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Organizing for Million Worker March steps up
"We're mobilizing as workers"

By Lee Sustar | July 23, 2004 | Page 15

THE MILLION Worker March (MWM), set for October 17 in Washington, D.C., gained new momentum July when the National Education Association (NEA) voted to endorse. Launched by International Longshore and Warehouse Union (ILWU) Local 10, the MWM has achieved significant backing in the Northern California labor movement and from a range of union locals and labor councils around the U.S., including the South Carolina AFL-CIO.

Nationally, however, the AFL-CIO--to which the NEA is not affiliated--has issued a letter to all affiliated bodies urging them not to endorse the MWM. "While we may agree with many of the aims and issues of the March, the AFL-CIO is NOT a co-sponsor of this effort and we will not be devoting resources or energies toward mobilizing demonstrations this fall," the federation said in a statement.

"What we have learned is that the rank and file really wants this," said Clarence Thomas, former secretary-treasurer of ILWU Local 10 and co-chair of the MWM. "The rank and file understand the importance of organizing in our own name, and to demonstrate our solidarity while empowering ourselves by having a major demonstration before the elections."

But labor leaders are adamantly opposed. "Many of those who head labor unions are very much connected to the Democratic Party and, as such, don't want to see this kind of demonstration take place before the elections," Thomas said. "And one of the reasons why they don't is that they really don't want to mobilize workers. What they want is to follow the directions from the Democratic Party in terms of money, voter, registration, precinct walking and phone banking --and that's it.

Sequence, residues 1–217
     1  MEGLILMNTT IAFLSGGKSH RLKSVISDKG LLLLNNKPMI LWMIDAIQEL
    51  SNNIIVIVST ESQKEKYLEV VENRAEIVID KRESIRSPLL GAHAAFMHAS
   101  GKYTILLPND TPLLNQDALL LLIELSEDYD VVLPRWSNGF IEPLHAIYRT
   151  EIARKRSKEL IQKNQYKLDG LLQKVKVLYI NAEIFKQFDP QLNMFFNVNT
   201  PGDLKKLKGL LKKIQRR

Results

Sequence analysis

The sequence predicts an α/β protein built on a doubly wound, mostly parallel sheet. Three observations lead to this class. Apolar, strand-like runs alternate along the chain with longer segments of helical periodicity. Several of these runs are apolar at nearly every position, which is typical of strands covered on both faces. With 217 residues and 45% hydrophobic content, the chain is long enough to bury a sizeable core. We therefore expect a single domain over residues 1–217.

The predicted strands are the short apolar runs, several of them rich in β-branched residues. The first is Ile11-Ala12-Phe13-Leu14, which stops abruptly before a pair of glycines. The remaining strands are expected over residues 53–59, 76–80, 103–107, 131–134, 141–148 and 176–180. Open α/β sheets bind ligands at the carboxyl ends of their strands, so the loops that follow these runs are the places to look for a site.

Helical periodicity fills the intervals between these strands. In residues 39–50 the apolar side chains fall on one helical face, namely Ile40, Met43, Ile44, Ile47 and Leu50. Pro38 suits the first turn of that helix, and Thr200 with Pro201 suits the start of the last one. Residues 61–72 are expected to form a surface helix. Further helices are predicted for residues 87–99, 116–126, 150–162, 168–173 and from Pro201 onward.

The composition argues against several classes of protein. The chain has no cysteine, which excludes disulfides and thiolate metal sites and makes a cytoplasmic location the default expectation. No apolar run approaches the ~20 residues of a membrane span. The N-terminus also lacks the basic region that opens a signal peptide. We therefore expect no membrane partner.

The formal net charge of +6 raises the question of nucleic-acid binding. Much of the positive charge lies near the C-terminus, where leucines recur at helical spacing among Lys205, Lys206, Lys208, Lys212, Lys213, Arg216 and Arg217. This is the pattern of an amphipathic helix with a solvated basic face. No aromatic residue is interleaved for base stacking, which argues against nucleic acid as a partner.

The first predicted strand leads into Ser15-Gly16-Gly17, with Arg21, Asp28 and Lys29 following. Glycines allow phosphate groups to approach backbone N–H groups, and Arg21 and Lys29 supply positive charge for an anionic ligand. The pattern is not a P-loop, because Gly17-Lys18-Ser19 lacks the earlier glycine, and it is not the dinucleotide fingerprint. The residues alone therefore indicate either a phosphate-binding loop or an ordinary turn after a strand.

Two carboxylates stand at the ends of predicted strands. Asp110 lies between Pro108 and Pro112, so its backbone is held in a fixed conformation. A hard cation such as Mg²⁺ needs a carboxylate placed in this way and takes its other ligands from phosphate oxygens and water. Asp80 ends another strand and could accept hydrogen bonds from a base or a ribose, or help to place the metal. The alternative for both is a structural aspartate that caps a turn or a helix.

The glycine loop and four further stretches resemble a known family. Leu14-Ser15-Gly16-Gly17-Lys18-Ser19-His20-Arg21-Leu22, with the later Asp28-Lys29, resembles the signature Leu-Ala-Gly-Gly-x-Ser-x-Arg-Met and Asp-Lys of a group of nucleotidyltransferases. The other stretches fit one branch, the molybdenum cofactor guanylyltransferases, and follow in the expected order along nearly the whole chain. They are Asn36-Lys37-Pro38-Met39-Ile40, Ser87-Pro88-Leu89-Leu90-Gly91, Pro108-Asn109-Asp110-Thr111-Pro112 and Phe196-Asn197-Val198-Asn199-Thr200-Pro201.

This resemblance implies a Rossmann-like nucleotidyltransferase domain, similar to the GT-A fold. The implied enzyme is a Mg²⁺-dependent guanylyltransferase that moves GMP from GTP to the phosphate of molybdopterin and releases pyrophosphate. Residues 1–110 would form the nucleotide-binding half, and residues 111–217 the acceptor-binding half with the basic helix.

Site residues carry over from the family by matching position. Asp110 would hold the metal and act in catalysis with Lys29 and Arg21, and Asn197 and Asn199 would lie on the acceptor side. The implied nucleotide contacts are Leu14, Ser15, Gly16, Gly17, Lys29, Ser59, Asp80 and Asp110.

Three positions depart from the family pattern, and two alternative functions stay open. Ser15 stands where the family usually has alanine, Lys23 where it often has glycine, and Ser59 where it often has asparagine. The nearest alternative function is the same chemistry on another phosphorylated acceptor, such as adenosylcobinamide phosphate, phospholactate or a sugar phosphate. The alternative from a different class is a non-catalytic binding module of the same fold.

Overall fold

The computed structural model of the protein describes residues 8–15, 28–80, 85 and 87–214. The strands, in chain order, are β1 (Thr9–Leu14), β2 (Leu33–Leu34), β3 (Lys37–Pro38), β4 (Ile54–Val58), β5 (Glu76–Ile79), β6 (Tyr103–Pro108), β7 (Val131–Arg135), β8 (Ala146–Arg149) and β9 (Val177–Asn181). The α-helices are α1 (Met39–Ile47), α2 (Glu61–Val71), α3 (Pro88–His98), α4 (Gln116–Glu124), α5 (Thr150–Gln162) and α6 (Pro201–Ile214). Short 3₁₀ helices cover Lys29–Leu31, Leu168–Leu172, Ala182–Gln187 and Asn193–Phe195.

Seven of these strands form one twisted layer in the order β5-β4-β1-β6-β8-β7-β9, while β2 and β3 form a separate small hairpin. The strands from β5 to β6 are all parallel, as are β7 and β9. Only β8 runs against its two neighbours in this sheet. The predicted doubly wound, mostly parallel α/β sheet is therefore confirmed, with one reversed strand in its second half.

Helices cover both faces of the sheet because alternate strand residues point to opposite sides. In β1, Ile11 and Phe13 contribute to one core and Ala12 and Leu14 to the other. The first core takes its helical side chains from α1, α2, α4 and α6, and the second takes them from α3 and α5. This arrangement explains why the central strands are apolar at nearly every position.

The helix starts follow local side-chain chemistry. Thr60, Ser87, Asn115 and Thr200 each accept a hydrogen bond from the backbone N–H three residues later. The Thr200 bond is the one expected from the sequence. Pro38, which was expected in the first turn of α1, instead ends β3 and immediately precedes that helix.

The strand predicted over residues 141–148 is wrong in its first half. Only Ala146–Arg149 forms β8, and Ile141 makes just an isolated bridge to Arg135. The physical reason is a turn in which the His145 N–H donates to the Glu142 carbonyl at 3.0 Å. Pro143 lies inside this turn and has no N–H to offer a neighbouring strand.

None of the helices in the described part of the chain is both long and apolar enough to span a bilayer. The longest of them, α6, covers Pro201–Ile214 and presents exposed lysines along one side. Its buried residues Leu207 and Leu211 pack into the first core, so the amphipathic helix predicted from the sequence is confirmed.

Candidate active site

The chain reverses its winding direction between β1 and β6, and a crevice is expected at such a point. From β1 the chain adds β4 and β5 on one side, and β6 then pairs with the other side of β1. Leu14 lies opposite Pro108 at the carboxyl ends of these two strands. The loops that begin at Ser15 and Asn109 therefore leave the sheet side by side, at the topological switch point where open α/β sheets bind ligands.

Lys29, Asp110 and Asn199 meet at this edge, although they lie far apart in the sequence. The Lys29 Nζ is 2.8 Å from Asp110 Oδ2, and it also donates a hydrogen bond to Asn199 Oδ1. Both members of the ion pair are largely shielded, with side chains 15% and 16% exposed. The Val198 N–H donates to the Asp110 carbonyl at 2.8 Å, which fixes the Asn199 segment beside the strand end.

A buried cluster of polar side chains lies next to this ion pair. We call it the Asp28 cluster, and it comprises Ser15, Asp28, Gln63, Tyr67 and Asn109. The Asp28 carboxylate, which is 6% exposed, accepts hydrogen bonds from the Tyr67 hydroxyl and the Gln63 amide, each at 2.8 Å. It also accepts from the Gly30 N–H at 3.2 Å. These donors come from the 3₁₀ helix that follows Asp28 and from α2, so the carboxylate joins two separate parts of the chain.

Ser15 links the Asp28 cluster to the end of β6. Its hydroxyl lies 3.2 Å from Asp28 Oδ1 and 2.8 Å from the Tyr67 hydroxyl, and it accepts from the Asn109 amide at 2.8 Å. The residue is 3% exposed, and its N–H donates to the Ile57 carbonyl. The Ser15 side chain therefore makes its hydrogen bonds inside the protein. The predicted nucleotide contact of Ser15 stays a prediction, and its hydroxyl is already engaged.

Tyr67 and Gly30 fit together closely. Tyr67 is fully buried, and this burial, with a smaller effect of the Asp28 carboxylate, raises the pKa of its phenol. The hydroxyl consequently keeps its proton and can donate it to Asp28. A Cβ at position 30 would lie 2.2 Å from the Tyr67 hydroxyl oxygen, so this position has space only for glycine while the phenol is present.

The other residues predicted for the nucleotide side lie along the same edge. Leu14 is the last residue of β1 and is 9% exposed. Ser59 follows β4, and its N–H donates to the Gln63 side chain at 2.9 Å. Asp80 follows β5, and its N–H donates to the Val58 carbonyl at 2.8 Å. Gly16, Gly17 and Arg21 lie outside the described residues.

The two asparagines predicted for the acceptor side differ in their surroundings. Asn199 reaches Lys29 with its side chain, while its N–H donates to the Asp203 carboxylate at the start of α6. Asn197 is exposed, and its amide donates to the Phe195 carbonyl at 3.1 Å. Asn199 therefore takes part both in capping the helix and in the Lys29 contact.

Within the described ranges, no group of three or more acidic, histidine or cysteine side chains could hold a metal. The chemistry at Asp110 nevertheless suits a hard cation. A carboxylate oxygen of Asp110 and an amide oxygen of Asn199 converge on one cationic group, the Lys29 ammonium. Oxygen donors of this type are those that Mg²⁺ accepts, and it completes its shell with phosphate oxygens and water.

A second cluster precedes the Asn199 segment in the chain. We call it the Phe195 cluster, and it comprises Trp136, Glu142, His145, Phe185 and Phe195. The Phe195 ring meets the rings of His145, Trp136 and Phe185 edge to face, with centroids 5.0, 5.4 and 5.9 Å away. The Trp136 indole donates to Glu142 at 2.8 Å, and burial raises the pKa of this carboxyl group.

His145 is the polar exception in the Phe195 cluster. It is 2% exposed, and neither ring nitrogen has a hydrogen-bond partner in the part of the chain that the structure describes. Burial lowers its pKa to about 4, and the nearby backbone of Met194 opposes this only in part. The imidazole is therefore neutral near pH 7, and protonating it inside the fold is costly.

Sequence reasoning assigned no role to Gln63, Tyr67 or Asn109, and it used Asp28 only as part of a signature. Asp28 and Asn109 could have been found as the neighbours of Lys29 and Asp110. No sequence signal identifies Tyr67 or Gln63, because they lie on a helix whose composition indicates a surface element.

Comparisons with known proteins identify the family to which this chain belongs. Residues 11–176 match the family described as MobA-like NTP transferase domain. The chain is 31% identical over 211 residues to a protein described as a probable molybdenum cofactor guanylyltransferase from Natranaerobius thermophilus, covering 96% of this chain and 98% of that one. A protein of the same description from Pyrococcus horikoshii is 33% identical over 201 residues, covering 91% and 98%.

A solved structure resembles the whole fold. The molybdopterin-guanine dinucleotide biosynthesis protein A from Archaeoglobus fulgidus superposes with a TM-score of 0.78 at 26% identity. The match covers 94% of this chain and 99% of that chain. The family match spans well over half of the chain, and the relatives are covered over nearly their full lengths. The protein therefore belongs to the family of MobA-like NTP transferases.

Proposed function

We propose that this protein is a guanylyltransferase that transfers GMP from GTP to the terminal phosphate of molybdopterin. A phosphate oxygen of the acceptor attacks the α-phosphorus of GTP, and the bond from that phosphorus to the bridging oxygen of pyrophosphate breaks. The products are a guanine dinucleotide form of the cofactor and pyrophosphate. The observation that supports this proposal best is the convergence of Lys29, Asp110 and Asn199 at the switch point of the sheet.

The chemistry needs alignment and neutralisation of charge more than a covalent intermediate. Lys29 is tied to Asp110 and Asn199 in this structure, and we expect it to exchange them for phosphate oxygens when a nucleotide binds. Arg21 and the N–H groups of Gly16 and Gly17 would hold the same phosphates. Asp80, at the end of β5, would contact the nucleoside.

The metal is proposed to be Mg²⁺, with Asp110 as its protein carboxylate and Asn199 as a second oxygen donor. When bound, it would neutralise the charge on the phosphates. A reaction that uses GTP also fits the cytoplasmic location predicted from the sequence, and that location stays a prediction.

"They don't want us to be putting any demands on Sen. [John] Kerry, or mobilize before the elections, or put forward our own agenda. You mean we have to give all our money to Kerry and not put forward an agenda for working people? The Democratic Party has not been addressing an agenda for workers and has not done so for many years."

While the MWM won't draw anything approaching a million workers, it's emerging as a rallying point for labor activists and officials who are attempting to rebuild a progressive current within the unions. One such group, U.S. Labor Against the War, has tabled the issue pending further discussion.

In the meantime, leading left-wing intellectuals and activists have signed on, including Noam Chomsky, Howard Zinn and Danny Glover. A range of socialist and left-wing organizations, including the ISO, have also endorsed.

The demands of the MWM include: a national living wage, protection and enhancement of Social Security, guaranteed pensions, the cancellation of all corporate "free" trade agreements, an end to privatization, for workers' right to organize and for a repeal of Taft Hartley and all anti-labor legislation, funding public education, rebuilding the decaying inner cities, progressive taxation, repeal of the USA PATRIOT Act, Anti-Terrorism Act, slashing the military budget, and more.

For more information about the Million Worker March, go to www.millionworkermarch.org.

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